Debra Gould considers herself an equal in her marriage. Her husband,Dylan, is a sergeant at Ft. Bragg. He may bring home the paycheck, but the work Debra does cannot be measured in dollars.
"It took me a long time to understand that even by staying home, I was still contributing to the relationship," Gould says, "I have to keep the house. No one has to raise my daughter. We raise her. I'm there for him if he needs it."
Military leaders have long recognized the importance of keeping a soldiers spouse happy.
"If the family's not happy, then the soldier's not happy, and you will probably not have that individual re-enlist or stay in the Army," explains Ellen Bowman of Fort Bragg Community and Family services.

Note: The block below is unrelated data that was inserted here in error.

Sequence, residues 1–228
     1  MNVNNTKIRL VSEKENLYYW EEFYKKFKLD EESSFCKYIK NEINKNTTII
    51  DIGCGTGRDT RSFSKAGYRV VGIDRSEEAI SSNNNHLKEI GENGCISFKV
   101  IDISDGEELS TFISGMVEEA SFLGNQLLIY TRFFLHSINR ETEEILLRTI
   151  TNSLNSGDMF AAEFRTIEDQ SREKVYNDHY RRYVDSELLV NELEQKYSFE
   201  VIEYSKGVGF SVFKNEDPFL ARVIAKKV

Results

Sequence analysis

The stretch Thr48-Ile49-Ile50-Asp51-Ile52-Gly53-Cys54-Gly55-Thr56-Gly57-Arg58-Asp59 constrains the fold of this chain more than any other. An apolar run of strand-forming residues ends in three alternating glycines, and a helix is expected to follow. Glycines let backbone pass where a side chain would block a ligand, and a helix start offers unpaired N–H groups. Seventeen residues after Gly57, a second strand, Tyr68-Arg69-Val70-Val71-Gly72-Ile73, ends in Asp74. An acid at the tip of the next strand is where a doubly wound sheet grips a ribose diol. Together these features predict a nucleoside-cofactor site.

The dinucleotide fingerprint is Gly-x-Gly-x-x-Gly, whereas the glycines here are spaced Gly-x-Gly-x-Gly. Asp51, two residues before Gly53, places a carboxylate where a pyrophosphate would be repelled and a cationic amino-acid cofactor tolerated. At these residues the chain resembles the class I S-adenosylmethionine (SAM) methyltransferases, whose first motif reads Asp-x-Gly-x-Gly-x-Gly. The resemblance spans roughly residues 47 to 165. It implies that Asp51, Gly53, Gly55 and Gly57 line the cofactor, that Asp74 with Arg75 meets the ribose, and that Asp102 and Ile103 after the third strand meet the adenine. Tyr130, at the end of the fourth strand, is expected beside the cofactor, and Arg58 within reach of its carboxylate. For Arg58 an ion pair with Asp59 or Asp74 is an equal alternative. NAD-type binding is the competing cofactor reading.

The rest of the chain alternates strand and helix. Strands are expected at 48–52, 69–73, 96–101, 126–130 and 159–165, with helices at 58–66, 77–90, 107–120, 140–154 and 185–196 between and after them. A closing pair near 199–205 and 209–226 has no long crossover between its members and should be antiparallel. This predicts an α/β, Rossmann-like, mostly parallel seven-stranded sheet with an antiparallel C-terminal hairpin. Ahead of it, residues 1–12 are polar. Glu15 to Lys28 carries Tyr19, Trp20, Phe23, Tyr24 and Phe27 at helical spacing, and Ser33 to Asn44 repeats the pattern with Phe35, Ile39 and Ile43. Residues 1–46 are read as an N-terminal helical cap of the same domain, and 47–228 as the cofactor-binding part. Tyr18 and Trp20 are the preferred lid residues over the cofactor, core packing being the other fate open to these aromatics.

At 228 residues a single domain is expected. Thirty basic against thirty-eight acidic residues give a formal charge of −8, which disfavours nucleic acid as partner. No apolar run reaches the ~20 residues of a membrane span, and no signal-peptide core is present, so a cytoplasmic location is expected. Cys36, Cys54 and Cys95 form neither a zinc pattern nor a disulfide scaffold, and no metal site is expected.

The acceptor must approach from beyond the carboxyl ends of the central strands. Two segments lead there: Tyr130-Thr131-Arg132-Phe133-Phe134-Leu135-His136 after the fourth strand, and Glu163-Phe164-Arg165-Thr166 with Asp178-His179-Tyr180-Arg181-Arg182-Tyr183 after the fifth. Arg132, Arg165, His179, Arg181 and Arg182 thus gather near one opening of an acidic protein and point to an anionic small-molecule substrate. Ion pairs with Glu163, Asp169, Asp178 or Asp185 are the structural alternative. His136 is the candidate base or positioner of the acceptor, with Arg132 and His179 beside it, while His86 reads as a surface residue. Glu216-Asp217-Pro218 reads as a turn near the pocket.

That's why places like Ft. Bragg offer support services and volunteer opportunities that can keep people like Debra happy and busy in the event her husband gets deployed.
The support is geared to keep the family self-sufficient so a soldier can rest easy when he or she is away from the family for an extended period of time.
"That person then, no matter where that person goes will be able to say 'Okay, I don't have to worry about my spouse and child because I know they can take care of themselves,'" Bowman says. That helps keep military life desirable for families like the Gould's.
Many soldiers showed their spouses appreciation by taking them out for dinner. Restaurants in the Fayetteville area were packed.
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